Updated 2.20pm with government's reply

While welcoming the MFSA's decision to initiate the process for the return of customer deposits from Satabank, the Nationalist Party noted that clients who had legitimate deposits were still subject to undesirable restrictions following the freezing of their accounts on Saturday.

On Wednesday, the Malta Financial Services Authority decided to start a controlled release of customer deposits at Satabank, bringing some relief to customers, many of them foreigners.

Allowing clients access to their accounts subject to a number of conditions - in particular the opening of a new bank account in the case of clients whose sole account was with Satabank - required a lengthy process and would pose further distress and financial difficulties, finance and economy spokesmen Mario de Marco and Kristy Debono said.

They said in a statement that it was imperative for the MFSA to take immediate action and ensure that the financial risks would be managed in a swift manner and where necessary compensated for.

They noted that the MFSA had been economical with sharing information in spite of calls for more effective and legitimate communication with Satabank's customers, be it individual or companies.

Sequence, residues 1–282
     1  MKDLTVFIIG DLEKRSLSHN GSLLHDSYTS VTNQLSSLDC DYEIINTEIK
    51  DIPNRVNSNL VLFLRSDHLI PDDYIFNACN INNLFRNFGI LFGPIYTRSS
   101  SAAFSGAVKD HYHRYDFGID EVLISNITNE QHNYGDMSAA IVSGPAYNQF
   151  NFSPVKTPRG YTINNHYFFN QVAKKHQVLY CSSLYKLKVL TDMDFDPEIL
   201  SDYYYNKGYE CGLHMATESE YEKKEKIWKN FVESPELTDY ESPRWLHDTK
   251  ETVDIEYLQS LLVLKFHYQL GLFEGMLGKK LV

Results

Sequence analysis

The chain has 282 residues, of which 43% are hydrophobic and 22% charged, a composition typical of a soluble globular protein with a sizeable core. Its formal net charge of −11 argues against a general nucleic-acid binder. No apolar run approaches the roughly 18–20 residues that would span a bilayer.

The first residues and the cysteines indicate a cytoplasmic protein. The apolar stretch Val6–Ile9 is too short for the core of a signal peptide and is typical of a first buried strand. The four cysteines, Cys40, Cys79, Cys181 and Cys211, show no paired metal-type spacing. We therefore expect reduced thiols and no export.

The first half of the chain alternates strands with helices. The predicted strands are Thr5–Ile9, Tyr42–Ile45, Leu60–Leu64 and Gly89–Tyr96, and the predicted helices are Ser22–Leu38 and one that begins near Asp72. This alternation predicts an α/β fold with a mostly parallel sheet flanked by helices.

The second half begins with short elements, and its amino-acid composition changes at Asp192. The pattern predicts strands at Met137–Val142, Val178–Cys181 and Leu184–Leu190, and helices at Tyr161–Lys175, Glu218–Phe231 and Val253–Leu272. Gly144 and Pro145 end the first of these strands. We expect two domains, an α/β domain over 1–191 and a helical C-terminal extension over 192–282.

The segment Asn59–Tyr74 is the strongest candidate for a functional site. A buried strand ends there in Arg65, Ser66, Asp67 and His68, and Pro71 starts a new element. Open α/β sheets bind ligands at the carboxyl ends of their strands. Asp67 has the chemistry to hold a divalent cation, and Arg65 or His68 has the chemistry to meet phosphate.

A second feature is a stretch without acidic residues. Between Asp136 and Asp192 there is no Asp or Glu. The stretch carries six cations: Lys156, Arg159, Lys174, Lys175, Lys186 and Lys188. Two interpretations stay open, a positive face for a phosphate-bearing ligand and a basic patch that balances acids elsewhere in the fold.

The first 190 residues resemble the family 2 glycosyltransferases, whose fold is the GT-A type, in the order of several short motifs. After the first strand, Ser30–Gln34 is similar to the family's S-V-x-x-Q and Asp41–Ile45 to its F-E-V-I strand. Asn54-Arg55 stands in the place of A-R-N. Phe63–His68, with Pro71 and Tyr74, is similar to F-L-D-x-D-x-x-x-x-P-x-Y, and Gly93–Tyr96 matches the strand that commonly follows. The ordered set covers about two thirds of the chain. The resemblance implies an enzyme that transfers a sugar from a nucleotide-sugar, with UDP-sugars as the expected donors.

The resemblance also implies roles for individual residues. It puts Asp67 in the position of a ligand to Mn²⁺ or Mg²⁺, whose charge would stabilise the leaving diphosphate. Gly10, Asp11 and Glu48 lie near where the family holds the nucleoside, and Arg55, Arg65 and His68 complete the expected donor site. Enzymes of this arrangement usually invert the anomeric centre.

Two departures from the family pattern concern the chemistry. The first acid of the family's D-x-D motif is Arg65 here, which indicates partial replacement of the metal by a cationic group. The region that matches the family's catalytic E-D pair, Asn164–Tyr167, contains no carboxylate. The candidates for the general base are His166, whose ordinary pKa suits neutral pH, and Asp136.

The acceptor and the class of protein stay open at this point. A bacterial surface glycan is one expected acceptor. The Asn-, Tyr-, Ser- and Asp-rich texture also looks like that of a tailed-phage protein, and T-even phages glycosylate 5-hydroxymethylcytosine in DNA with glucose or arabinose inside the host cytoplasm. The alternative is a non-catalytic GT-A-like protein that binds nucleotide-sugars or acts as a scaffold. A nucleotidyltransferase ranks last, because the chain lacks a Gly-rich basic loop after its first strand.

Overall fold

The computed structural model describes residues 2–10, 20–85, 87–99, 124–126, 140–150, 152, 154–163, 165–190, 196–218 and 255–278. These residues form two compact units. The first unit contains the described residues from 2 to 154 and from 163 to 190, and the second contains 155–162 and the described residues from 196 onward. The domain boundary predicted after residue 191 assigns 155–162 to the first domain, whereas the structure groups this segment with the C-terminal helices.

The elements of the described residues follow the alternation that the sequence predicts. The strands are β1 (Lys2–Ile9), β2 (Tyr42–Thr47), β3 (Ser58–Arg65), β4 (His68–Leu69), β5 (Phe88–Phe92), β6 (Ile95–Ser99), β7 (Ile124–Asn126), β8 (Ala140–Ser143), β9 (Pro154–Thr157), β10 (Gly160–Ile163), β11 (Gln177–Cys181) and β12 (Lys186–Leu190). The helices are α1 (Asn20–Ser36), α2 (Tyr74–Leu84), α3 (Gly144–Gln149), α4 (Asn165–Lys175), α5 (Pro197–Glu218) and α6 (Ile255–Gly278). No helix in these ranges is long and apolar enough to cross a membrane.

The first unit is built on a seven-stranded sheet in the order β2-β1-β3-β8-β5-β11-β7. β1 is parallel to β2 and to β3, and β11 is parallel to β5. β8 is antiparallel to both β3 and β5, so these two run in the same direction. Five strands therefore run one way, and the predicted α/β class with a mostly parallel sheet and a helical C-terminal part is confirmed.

“Our country's reputation is critically at stake, where the private sector and legitimate investors are paying the price for government's passiveness to restore it,” they said.

Government's reply

In a reply, the government said it supported the MFSA’s recent action, which clearly showed that the country's institutions were working, and working well.

The Opposition’s criticism of the action taken by the MFSA, an independent authority, was hypocritical as, until recently, the Opposition had criticised the MFSA for not taking action, which was not the case at all.

The financial services sector and the jobs of the thousands of people it employed were put in jeopardy when those meant to help safeguard it did the opposite to score cheap political points, the government said.

It added that this sector should not be used as a political football - a golden rule that has been adhered to for many years until it was broken by the Opposition which mounted a local and international campaign aimed at harming the country for political gain.

The financial services sector, the government said, should not be seen as a political tool, but as a tool to nurture economic growth. Institutions should be left to do their work in peace, without harmful exterior pressure.

This government was committed to giving the regulator the necessary tools to combat abuses, so consumers had the necessary protection. And it had already piloted a reform which would strengthen the MFSA, applying several European directives including the ‘anti-money laundering directive’.

 

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